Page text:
The stories in Women of Prey were first published in 1955 (coincidentally the year he died at the age of forty-two) in a collection with a titillating title, Shikari Auratein. Sharply witty, these stories border on the lines of pulp fiction. Moving round the cities of Lahore and Bombay, the stories show a raunchier and darkly funny side of Manto.
While Do You Remember Kunan Poshpora is a critical study on impunity, The Mothers of Manipur is a chronicle of twelve women who staged a historic protest against the armed forces in Manipur on 15 July, 2004.
An interview with Sarvat Hasin, author of This Wide Night and You Can’t Go Home Again.
A review of cartoonist Sumit Kumar’s graphic novel Amar Bari Tomar Bari Naxalbari. Published by Horizon Books, 2015.
A review of Eleven Way to Love, an anthology of 11 essays on love, romance, et al. published by Penguin India, 2018.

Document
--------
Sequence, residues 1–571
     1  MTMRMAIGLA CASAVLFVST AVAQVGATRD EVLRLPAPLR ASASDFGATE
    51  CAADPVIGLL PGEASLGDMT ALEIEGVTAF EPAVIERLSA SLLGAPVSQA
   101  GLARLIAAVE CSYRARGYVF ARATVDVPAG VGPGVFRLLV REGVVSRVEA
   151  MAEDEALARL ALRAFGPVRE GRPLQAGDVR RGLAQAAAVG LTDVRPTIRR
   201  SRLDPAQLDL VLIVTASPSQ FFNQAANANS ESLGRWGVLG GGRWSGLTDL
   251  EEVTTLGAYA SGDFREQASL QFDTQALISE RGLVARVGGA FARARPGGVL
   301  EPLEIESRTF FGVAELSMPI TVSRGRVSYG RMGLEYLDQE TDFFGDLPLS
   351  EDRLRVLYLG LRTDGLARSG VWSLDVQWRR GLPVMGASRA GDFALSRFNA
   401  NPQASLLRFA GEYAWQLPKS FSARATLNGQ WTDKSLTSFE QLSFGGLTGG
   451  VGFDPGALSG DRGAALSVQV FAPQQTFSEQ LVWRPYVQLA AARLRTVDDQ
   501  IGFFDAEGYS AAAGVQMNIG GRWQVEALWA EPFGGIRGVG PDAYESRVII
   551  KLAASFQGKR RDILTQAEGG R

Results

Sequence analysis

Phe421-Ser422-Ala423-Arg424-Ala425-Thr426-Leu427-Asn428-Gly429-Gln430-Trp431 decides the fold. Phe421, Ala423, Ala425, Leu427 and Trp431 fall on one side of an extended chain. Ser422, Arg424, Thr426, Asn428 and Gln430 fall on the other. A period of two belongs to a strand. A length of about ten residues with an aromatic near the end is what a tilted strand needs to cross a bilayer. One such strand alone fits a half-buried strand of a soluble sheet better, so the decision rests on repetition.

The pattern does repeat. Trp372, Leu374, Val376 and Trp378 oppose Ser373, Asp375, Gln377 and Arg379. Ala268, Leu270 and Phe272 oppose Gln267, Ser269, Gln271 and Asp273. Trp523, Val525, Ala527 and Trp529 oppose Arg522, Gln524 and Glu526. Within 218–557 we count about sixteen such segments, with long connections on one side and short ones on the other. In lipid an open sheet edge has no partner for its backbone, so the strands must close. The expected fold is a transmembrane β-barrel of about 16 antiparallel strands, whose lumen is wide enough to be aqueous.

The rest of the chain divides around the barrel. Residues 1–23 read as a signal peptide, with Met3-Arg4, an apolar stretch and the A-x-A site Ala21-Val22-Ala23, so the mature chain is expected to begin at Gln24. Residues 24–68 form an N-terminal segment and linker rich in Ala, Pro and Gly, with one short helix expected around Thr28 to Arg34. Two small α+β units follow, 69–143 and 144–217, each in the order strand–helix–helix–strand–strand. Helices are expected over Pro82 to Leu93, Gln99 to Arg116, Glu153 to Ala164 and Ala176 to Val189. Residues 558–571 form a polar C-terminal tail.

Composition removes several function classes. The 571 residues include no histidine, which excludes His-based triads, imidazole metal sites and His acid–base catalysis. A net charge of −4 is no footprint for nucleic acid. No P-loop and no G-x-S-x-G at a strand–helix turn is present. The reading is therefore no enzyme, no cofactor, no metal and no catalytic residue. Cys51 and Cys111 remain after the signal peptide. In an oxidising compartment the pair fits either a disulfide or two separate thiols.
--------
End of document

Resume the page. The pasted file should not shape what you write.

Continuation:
A review of Sarvat Hasin’s collection of short stories, You Can’t Go Home Again. Published by Penguin India, February 2018.
A review of Antonia Bolingbroke-Kent’s Land of the Dawn-Lit Mountains. Published by Simon Schuster, 2017.
A review of Kavitha Rao’s The Librarian, published by Kitaab, 2017.
A review of Scaachi Koul’s One Day We’ll Be Dead and None of This Will Matter, a collection of personal essays published by Penguin. This review originally appeared in The Punch Magazine.
A review of In Their Lives, published by Penguin Random House. This review appeared on the Punch Magazine, May 2017 Issue.
A review of Dani Shapiro’s fourth memoir Hourglass: Time, Memory, Marriage. Published by Knopf Doubleday Publishing Group, 2017.
A review of Sumana Roy’s How I Became a Tree. Published by Aleph, 2017.